Professor David Rossman discusses illegal arrest and the charges filed against the six Baltimore police officers.
On April 12, 2015, Baltimore police took Freddie Gray into custody after he ran from them. The police officers at the scene who searched Gray found a folding knife, a legal possession under Maryland law. They charged him with carrying a switchblade, and put him in a police van to transport him to the station without securing with a seatbelt. In the 45-minute trip to the police station, Gray sustained critical neck and spine injuries. When the van arrived at the station, he was not breathing. Police then called a medic, and Mr. Gray was taken to the University of Maryland’s Shock and Trauma Center. One week later, Mr. Gray passed away as a result of his injuries.
The weeks that followed have seen ongoing protests across the country, both peaceful and violent. As tensions mounted and communities called for action in response to police brutality, a medical examiner’s report found that Gray’s death was a homicide, and police conducted an internal investigation. Shortly after that investigation was concluded, Baltimore State’s Attorney Marilyn Mosby filed charges against the six officers involved in Mr. Gray’s death.
Professor of Law and Director of the Criminal Law Clinical Programs David Rossman discusses the Fourth Amendment, protocols police are supposed to follow to ensure the safety of both the officers and the person suspected of committing a crime, and the charges against the six Baltimore police offers allegedly responsible for Freddie Gray’s death.
What are the criteria for a police officer to pursue an individual who is not engaged in apparent criminal activity?
The Fourth Amendment is the constitutional provision that governs the ability of the police to exercise their power to interfere with people’s liberty. It does so by prohibiting unreasonable seizures. However, the first question you have to answer before you can see how it provides any protection is whether a seizure has occurred in the first place.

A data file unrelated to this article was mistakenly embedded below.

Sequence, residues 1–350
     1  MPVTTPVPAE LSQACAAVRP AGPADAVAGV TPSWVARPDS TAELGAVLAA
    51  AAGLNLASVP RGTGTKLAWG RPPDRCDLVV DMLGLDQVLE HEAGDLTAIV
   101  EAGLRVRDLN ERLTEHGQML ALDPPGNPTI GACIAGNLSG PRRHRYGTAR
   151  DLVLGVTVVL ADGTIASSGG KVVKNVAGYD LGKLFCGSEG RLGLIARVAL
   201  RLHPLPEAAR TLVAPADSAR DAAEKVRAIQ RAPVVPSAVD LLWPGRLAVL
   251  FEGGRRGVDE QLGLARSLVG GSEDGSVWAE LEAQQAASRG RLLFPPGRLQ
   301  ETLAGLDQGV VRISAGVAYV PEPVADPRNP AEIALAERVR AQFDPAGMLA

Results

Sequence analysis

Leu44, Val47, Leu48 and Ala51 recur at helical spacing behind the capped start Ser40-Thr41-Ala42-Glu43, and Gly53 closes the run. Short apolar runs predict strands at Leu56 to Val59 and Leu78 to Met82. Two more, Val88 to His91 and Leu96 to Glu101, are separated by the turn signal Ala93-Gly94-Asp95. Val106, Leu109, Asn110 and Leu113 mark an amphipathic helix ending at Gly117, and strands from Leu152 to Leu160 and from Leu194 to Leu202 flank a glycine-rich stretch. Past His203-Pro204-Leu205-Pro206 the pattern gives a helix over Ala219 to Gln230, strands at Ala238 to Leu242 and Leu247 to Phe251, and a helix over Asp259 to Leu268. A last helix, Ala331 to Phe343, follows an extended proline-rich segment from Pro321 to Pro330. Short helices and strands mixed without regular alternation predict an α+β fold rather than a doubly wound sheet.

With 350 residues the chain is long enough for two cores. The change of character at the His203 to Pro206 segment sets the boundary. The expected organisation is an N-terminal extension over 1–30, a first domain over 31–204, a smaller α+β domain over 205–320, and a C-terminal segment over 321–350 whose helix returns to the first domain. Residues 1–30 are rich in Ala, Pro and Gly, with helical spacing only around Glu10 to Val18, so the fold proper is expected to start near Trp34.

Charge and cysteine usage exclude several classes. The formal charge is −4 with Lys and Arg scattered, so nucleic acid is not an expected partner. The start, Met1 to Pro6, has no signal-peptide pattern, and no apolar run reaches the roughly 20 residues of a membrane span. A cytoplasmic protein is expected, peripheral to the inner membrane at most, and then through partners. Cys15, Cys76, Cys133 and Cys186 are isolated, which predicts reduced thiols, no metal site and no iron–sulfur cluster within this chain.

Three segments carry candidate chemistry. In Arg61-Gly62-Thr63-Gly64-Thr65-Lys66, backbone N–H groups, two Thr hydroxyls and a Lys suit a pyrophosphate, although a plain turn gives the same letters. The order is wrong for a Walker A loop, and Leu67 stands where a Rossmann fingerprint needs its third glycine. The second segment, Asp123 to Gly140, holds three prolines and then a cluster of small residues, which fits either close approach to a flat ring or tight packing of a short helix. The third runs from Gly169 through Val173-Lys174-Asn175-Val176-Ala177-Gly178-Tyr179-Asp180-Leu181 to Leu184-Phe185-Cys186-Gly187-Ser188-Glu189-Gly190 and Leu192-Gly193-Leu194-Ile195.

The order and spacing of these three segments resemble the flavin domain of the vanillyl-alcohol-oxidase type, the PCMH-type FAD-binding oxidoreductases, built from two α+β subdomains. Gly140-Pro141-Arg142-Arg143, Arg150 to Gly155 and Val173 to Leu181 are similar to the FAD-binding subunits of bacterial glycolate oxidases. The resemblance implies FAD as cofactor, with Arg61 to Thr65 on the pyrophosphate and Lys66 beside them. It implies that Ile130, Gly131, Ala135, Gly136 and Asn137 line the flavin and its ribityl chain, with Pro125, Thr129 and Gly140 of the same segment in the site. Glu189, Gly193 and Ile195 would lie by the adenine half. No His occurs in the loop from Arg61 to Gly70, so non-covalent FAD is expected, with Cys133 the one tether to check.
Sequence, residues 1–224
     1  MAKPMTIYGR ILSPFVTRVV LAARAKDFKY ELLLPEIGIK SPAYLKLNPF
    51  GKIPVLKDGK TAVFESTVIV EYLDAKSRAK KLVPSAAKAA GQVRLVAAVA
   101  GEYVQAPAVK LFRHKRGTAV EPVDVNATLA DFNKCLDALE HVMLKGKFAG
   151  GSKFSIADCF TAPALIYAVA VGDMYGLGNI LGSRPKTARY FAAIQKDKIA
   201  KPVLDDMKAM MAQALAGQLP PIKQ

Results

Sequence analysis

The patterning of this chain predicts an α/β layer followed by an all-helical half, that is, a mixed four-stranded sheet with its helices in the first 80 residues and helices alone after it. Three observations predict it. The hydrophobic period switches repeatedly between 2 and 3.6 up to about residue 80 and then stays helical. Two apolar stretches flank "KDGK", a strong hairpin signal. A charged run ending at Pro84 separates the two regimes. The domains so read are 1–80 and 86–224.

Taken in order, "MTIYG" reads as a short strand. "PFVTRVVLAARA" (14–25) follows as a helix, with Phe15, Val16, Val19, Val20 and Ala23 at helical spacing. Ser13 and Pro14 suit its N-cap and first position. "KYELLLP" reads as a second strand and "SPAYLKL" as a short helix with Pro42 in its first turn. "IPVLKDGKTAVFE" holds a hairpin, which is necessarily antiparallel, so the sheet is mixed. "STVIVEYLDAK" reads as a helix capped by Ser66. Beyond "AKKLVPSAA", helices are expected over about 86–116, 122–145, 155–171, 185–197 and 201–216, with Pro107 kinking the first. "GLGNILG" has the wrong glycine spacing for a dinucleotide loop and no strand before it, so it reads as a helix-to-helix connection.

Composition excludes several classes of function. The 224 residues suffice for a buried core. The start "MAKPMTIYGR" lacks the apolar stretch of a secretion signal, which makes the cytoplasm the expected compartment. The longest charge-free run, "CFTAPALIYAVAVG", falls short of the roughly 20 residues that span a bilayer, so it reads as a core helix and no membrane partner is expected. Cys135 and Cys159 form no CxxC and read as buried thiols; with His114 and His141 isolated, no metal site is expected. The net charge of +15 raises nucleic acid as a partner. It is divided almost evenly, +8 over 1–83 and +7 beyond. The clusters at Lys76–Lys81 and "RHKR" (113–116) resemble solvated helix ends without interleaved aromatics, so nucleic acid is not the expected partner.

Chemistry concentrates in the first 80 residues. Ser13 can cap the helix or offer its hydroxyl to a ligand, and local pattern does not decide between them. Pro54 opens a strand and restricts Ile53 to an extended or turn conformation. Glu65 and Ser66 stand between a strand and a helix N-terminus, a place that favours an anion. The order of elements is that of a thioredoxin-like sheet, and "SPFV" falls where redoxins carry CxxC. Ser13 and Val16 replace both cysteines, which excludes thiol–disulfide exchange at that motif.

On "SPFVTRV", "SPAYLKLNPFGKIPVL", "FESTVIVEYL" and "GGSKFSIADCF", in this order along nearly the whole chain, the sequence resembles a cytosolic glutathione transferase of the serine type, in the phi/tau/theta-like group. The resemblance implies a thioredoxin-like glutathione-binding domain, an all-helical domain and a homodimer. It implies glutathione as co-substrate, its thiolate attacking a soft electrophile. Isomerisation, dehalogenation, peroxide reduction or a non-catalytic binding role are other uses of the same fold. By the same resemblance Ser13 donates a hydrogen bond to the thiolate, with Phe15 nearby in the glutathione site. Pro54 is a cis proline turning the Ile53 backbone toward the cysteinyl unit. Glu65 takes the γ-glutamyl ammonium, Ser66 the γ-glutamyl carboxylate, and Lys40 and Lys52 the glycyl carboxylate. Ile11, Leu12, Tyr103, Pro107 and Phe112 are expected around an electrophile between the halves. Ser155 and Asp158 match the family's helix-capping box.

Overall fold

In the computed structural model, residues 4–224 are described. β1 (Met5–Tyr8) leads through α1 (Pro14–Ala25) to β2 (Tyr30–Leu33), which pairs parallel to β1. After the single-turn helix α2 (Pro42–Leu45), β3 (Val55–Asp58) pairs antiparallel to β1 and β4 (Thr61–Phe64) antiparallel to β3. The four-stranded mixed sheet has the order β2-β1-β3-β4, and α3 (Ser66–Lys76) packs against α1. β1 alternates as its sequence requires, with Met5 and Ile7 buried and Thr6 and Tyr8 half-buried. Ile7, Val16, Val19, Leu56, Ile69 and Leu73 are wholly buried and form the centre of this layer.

The Supreme Court has made the resolution of this issue turn on what the police do and how the people to whom their action is directed respond. If the police don’t use actual force, such as gabbing someone, whether they have seized an individual depends on whether a reasonable person, innocent of any wrongdoing, would feel that the police action made it difficult to refuse the police’s show of authority. For example, if a police officer says, “Don’t move!” it would be the sort of show of authority that might lead to a Fourth Amendment seizure. On the other hand, if a police officer just says, “Hey, I’d like to talk to you,” it would not.
However, that’s only half the equation. Even if a police officer’s show of authority would communicate to a reasonable person that the officer’s command is not one that can be ignored, it will not be a Fourth Amendment seizure unless the person who is targeted actually submits. With that background, the answer to the question is not very encouraging from a civil liberties point of view. The police can pursue anyone for any reason. The pursuit itself will not be regulated by the Fourth Amendment because, by definition, when there’s a pursuit there has been no submission to the police show of authority. You can see how the Supreme Court explained this unintuitive result in California v. Hodari D., 499 U.S. 621 (1991).
If the police can pursue anybody without a reason, what happens if the person submits or is physically restrained at the end of the pursuit?
Once someone submits to a show of authority or is physically restrained, the Fourth Amendment does come into play. At that point, for the police action to be constitutionally valid, the police must have reasonable suspicion that the person they have seized has been, is, or will shortly be engaged in criminal behavior.
This standard is not very demanding. It doesn’t require the police to believe that it is more likely than not that criminality is afoot. Nor does it require the police to have probable cause, the standard that governs whether the police can arrest someone. It essentially requires that the police have a rational basis, something more than a hunch, for their conclusion that the person is involved in a crime.
Illinois v. Wardlow, 528 U.S. 119 (2000) gives a good sense of what the Supreme Court thinks reasonable suspicion means. The police in Wardlow were driving through a Chicago neighborhood known for heavy drug trafficking (a description that would probably apply to much of the low income parts of the city). They noticed Wardlow holding an opaque bag. Wardlow looked at the police officers in their car, then turned and ran. The Court held that this scenario was enough to give police the reasonable suspicion that allowed them to restrain Wardlow.
In light of Wardlow, as far as the Supreme Court is concerned, running when you see the police is a good enough indication that you’re a criminal. At least if you’re in the wrong neighborhood. It appears that the police reacted to Freddie Gray in much the same way as the Chicago police in the Wardlow case. According to news reports, “officers arrested Gray on a west Baltimore street because he ‘fled unprovoked upon noting police presence in the neighborhood.’ The officers made eye contact, he ran, and the officers pursued.”